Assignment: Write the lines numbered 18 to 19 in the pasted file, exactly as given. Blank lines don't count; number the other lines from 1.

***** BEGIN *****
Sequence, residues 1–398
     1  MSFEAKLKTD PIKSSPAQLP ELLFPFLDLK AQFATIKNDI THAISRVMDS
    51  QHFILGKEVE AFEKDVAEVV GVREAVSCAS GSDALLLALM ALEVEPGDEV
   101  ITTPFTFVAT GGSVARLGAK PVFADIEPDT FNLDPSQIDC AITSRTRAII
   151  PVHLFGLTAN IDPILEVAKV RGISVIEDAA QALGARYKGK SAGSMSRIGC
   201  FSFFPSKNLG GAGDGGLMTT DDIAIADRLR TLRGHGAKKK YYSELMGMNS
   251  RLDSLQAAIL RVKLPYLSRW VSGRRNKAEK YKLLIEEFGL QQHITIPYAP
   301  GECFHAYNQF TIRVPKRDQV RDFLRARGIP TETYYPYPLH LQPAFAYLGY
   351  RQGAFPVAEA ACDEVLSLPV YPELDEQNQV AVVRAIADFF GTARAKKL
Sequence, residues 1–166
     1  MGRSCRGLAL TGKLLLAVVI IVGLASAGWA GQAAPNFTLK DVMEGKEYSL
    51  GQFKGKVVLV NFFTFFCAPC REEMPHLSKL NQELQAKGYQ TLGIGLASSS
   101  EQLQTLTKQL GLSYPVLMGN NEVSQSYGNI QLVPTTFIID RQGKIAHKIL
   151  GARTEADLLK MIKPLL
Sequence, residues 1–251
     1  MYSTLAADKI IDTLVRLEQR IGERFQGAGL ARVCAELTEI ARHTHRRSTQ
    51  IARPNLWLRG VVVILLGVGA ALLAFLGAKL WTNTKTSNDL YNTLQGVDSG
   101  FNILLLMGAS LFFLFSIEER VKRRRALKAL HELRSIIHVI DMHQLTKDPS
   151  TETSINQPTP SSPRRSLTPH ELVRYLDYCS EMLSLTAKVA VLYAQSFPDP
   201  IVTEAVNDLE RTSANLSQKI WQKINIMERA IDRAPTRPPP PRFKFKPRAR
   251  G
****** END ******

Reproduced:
   101  FNILLLMGAS LFFLFSIEER VKRRRALKAL HELRSIIHVI DMHQLTKDPS
   151  TETSINQPTP SSPRRSLTPH ELVRYLDYCS EMLSLTAKVA VLYAQSFPDP